API 16A BOP Stripping Test, Replacement of Primary Control Console

This fixture uses (3) 250 hp pumps and a servo valve to cycle a 14″ bore, 7″ rod, 86″ stroke hydraulic cylinder along a precise motion path to complete an API 16A BOP stripping test. The scope of work as well as pictures of the project are below.

  1. LABEL THE CONTROL CONSOLE I/O. Identify, trace, and label the input and output wires for the currently used power and control signals of the reciprocator fixture on the control console. The signals are sourced at the cRIO and end at terminal strips.
  2. REMOVE THE CONTROL CONSOLE. Console electrical components are about 70 three-contact relays, 4 two contact time delay relays, 3 electronic proportional amplifiers, 4 power supplies, 3 current loop meters, an alarm module and a physical human-machine-interface (HMI) of 41 devices which are buttons, analog displays, switches, and an analog output knob. The removed console will be placed in client’s on-site trash bins.
  3. SPECIFY A SMALL ENCLOSURE TO REPLACE THE CONSOLE. Specify a significantly smaller NEMA enclosure with panel to replace the control console. The enclosure will handle the necessary signals that are most likely 8 AI and 6 DO.
  4. COMMISSION THE FIXTURE AFTER CONSOLE REPLACEMENT. Terminate the control signals and troubleshoot the fixture to make it operational again. Note that the Reciprocator pit that includes sensors was recently flooded.
    1. Remove ~35-year-old electrical equipment to reduce the risk of a short circuit or electrical failure between the controls and high energy fixture.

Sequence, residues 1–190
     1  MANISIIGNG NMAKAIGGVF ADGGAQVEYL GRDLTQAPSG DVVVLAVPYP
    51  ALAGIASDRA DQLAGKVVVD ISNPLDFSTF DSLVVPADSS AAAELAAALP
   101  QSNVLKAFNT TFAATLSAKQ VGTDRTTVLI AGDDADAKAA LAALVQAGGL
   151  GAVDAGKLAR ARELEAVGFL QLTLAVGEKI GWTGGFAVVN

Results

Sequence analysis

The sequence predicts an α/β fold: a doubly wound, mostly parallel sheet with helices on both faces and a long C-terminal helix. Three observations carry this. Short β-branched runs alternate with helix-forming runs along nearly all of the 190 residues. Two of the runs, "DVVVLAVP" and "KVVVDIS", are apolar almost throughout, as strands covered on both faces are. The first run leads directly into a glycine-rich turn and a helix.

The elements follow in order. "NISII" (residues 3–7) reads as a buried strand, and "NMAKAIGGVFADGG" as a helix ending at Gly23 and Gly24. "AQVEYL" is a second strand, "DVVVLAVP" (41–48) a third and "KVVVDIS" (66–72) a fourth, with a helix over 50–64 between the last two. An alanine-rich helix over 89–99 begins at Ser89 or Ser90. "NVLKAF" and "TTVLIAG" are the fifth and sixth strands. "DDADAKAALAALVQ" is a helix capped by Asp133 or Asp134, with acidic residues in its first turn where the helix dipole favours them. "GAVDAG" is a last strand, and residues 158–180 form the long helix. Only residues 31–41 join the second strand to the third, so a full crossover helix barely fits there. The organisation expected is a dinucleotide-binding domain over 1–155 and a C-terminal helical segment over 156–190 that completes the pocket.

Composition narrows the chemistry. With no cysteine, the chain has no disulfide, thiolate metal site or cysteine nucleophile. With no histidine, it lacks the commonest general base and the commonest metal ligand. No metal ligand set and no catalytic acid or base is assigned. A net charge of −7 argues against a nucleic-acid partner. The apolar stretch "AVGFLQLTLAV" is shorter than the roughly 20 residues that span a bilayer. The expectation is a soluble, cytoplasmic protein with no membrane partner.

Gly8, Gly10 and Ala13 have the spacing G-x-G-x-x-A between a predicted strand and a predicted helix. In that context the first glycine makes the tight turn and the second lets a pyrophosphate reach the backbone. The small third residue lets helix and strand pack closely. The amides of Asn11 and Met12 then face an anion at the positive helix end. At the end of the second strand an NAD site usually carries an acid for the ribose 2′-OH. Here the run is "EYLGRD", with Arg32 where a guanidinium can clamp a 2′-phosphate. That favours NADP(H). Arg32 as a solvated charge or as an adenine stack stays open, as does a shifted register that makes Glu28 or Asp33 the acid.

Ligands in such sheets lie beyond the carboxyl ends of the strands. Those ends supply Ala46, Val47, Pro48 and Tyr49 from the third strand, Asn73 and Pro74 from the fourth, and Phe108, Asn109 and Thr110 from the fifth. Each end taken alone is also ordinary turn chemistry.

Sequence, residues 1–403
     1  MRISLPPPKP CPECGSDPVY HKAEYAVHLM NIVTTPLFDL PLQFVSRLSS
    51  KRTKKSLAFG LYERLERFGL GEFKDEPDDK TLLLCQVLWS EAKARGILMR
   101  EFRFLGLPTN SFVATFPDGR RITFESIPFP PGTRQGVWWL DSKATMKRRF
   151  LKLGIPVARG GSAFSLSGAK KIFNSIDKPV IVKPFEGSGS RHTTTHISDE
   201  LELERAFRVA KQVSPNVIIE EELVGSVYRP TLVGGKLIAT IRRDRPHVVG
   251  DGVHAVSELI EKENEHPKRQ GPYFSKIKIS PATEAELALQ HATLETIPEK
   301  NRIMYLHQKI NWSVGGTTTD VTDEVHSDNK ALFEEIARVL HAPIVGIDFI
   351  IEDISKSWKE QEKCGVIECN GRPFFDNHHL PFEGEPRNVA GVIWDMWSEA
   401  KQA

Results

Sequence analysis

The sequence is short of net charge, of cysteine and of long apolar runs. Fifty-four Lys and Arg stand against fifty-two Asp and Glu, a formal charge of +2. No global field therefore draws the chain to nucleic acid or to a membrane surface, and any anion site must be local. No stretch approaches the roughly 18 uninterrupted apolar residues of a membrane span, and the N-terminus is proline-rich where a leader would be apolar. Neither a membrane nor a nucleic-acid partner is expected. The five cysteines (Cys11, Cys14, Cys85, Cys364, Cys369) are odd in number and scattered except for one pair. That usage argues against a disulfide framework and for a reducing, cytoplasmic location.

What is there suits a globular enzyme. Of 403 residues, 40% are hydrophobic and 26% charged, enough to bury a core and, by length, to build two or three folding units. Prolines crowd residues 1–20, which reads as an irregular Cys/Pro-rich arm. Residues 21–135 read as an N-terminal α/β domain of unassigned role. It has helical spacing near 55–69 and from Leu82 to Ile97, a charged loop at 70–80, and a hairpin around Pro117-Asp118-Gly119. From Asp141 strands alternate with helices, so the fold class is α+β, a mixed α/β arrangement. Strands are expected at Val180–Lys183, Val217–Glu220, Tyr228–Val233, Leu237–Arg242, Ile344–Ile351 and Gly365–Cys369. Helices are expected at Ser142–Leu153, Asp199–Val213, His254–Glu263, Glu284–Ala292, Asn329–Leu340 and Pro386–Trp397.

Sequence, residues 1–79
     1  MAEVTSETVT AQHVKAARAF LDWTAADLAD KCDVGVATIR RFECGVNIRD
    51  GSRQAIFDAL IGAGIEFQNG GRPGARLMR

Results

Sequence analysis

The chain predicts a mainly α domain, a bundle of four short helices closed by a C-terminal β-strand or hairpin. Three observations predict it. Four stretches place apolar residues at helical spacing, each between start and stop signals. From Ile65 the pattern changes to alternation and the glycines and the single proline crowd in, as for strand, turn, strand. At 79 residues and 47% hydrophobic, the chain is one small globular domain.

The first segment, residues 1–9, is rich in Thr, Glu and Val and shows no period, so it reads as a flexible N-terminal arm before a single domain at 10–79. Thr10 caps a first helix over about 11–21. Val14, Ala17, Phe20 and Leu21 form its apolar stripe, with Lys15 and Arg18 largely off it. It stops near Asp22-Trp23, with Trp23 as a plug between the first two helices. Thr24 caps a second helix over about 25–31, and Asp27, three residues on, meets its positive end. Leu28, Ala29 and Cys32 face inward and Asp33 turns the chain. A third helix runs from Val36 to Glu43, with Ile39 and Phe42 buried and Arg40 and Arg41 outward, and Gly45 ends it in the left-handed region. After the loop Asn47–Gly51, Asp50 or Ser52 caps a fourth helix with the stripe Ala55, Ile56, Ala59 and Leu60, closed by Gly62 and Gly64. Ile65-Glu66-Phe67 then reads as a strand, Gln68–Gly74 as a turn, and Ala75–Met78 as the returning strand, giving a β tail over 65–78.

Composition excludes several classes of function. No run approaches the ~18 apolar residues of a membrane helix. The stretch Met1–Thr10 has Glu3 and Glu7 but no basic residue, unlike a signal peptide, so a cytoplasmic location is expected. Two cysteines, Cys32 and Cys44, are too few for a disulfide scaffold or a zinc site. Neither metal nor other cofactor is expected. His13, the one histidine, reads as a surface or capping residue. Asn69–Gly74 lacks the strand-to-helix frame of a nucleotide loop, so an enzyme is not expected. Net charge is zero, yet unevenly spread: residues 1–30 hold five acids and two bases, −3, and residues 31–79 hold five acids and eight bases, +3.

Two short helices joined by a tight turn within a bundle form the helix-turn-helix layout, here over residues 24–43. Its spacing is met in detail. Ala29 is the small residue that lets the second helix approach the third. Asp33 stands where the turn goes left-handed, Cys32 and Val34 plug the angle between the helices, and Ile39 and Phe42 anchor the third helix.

2. Remove unnecessary wires with unclear purpose from the trench. Once the console is removed, it will be clear which wires are unnecessary in the trench that contains water & links the reciprocator pump frame plus chiller, control room B, and reciprocator pit. Unnecessary wires include those from the reciprocator, recently disposed-of diverter panel, HPTU, and past projects like the Chevron mud-lift project. It is recommended that replacement wires not be run in the trench or be run in the trench inside conduit.
    3. Minimize control Room B chemical smell and rodent entry/exit points. Specify a barrier between control room B floor and trench.
    4. Minimize the wiring routed into the confined space so that future entry time will be minimized.


Pictures of the system before Aiken completed this work are below.



















Pictures of the system after Aiken completed this work are below.











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